Boycott Watch  
November 12, 2009
Aruba's Growing Deficit Is A Direct Result Of Natelee Holloway's Disappearance
Summary: Would you send your kids to Aruba?
    Boycott Watch has been at the forefront of reporting about the boycott of Aruba sparked by the disappearance of Natalee Holloway. Yesterday we reported that passengers on a cruise ship mostly stayed on their ship while docked in Aruba, and today we report that Aruba's newspaper, Amigoe, reports Aruba needs an emergency 100 million Florin loan, which is just over $375 Million US to keep the country afloat. Considering the U.S. government's most recent GDP estimate of Aruba being $2.258 billion, Aruba needs to borrow 1/6th of their Gross Domestic Product, which is the total of good and services in their economy, and in this case of a good year. That deficit is completely outrageous for a 180 square mile country which relies on its tourism trade industry which is in shambles.

    The article speaks of a budget deficit growing from 47 to 146 million Florins. While Aruba blames the added deficit on the world economy, our report yesterday, the second about cruise ship passengers, the first of which indicated that passengers who went ashore didn't buy much and preferred to eat on the ship. Other recent Boycott Watch reports indicate some cruise lines have dropped Aruba as a port of call because their consumers did not want to go to Aruba. See Boycott Watch's extended Aruba coverage for details.

    Aruba is in an economic crisis, and it is not just because of the world economy. Americans are not happy with the way Aruba handled the Natalee Holloway case and they are expressing their disdain with dollars the way they have for years. In 2008, the U.S. State Department issued a travel warning for U.S. travelers to Aruba shortly after Boycott Watch President Fred Taub appeared on Your World with Neil Cavuto on the Fox News Channel. Currently, the U.S. State Department has the following warning on the Aruba travel page of their website: "Parents of young travelers should be aware that the legal drinking age of 18 is not always rigorously enforced in Aruba, so extra parental supervision may be appropriate." That was a polite way of saying anyone can drink and nobody cares. The state Department website continues: "Young female travelers in particular are urged to take the same precautions they would when going out in the United States, e.g. to travel in pairs or in groups if they choose frequenting Aruba's nightclubs and bars, and if they opt to consume alcohol, to do so responsibly." That's diplomatic speak for Aruba is not safe for young women, and as we reported girls as young as 13 years old are approached for sex by local men who are "pimping" for foreigners in bars and even hotel lobbies. The specific mention of "Aruba's nightclubs and bars" is clearly a specific reminder about how Natalee Holloway was either drugged, made drunk or otherwise taken without regard to her life or safety. Boycott Watch also believes that the U.S. State Department's choice of words when they wrote "Young female travelers in particular" is directly related to when Fred Taub appeared on Fox News were he exclusively broke the news about a thirteen year old girl being propositioned for sex by local men in a hotel lobby, and how the hotel owners allowed, and may continue to allow such activity to take place.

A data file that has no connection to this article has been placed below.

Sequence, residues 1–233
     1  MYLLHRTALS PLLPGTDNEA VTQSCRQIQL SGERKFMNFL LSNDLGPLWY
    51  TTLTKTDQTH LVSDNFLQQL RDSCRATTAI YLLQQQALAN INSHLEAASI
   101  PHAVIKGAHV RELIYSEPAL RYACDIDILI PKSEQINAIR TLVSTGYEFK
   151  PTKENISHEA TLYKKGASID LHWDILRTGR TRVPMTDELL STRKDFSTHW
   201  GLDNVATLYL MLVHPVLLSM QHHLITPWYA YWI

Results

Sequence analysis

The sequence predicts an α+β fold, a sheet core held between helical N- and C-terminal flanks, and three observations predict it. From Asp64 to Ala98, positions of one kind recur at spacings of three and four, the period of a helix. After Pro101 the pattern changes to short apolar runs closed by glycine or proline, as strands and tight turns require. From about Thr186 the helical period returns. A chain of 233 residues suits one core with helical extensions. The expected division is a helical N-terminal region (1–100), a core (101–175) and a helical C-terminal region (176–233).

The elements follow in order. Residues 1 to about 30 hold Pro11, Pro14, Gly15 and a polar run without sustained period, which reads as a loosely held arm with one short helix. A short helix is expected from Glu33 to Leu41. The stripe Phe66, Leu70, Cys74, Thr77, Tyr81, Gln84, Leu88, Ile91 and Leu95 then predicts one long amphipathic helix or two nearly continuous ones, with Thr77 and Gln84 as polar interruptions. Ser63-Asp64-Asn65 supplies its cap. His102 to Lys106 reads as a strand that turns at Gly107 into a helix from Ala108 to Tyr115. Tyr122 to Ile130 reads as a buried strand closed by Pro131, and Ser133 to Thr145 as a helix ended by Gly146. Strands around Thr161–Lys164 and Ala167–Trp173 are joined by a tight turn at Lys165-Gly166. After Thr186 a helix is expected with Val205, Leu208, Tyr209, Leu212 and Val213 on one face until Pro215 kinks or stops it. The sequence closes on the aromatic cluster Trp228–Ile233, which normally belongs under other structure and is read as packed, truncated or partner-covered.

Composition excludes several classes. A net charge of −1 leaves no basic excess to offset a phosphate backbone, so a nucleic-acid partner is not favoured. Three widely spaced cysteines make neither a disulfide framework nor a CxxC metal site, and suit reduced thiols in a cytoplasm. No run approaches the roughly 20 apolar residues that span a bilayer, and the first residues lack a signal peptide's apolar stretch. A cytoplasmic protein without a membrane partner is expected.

Aruba's desperate economy puts foreign travelers at an increased risk in that island nation because local desperate criminals will have in increased propensity to take advantage of foreign travelers for extra money. To this day, nobody has been put on trial for the disappearance and probably murder of Natalee Holloway despite two separate confessions by Yoran Van Der Sloot, one in a car to Peter DeVries and one to Greta Van Susteren of Fox News. That combined with lax drinking age enforcement and the U.S. calling Aruba a "transit point for US- and Europe-bound narcotics with some accompanying money-laundering activity; relatively high percentage of population consumes cocaine" makes Aruba a less than ideal country to visit. As Boycott Watch President Fred Taub asked Neil Cavuto on Fox News, "would you send your kids to Aruba?"

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